It is no coincidence that many of the attempts by SIGINT agencies to interact with the public have occurred in the aftermath of the Snowden disclosures. SIGINT agencies have struggled to overcome the trust deficit and heightened skepticism over their activity. As traditionally clandestine organizations, the culture within SIGINT agencies contrasts starkly with a more vocal pro-privacy community and a Silicon Valley machinery that invests significant sums in promoting its own narrative. Former NSA Deputy Director Chirs Inglis also acknowledged last year that the recent Oliver Stone movie on Snowden could further shift public perceptions against intelligence agencies. Although SIGINT agencies should not necessarily take on the surveillance debate directly, they are still able to promote themselves in a positive way. Public appearances by senior SIGINT agency staff has led to the perception of a more transparent culture while reminding the public about how SIGINT programs have helped to diffuse recent terrorist attacks also helps to bring a more positive spin—GCHQ claims that information it has gathered stopped six alleged terrorist plots in 2015 alone.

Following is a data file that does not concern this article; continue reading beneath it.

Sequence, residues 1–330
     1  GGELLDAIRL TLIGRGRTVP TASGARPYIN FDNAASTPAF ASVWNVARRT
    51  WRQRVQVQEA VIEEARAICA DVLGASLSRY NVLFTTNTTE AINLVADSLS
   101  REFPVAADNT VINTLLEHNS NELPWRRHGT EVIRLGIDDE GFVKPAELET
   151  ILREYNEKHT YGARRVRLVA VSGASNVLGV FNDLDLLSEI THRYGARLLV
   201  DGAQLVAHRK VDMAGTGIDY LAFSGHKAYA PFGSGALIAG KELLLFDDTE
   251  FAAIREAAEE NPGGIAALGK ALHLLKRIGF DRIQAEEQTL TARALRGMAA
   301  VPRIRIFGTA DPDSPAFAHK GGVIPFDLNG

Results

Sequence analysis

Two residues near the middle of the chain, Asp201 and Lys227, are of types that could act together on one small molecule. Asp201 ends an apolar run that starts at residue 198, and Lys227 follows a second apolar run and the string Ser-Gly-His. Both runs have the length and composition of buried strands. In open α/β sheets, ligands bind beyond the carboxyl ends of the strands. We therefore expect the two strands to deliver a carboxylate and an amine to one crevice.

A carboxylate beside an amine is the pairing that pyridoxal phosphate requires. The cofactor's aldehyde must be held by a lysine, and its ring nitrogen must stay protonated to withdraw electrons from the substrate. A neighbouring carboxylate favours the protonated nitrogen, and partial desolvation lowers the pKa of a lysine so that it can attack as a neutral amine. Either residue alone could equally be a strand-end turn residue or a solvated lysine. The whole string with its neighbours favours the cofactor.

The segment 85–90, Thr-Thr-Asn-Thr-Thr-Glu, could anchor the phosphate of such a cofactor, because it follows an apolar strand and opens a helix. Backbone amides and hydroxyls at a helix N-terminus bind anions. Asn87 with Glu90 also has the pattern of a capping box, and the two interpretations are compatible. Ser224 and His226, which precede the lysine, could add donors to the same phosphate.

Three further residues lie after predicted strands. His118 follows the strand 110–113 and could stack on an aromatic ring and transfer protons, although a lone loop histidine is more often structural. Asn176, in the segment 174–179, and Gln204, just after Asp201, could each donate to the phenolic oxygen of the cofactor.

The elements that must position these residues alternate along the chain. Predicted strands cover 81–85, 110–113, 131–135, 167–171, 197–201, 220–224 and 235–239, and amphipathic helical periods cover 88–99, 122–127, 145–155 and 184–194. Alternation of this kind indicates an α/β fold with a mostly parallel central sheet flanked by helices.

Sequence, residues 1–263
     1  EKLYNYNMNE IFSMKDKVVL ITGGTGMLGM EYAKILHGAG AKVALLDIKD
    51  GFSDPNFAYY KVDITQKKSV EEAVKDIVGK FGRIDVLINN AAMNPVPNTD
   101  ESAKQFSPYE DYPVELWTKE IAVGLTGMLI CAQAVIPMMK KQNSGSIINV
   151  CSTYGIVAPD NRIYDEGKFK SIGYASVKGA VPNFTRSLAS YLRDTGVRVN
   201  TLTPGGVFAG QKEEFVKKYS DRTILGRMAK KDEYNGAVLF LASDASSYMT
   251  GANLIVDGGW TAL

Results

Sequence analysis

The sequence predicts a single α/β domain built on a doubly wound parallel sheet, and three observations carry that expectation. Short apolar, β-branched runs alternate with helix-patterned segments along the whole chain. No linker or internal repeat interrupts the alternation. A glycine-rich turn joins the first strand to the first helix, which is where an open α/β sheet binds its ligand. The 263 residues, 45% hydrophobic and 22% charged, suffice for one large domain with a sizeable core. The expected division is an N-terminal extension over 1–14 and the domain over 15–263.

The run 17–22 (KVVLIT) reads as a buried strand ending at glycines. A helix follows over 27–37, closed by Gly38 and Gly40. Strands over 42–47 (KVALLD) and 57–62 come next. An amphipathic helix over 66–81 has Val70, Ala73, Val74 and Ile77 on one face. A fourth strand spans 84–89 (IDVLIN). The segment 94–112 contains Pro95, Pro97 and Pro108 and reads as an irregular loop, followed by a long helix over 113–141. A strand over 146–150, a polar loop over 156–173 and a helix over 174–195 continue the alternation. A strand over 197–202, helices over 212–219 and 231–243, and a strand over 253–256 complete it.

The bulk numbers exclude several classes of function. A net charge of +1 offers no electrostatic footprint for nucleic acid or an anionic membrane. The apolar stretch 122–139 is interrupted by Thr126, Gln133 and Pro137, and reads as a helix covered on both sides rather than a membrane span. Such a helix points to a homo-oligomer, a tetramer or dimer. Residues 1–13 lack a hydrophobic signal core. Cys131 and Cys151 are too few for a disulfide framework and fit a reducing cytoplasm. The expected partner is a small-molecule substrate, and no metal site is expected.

In addition to the battle of public perception, SIGINT agencies have naturally become more communicative due to their expanded remit. Given their history and expertise, they have become the natural choice for governments delegating cybersecurity responsibilities. Yet while collecting signals intelligence is an inherently covert activity, confronting the cybersecurity challenge instead requires a more open and communicative response, such as providing businesses and households with targeted and specific security advice. The need for a departure from the traditional SIGINT mentality has been recognised in the United Kingdom. In 2016, the government established the National Cyber Security Centre (NCSC). The NCSC remains part of GCHQ, but is a distinct identity, and crucially one that is more far more publically facing. Although early days, the NCSC looks set to provide a more relevant and decisive leadership on the issue of cyber security.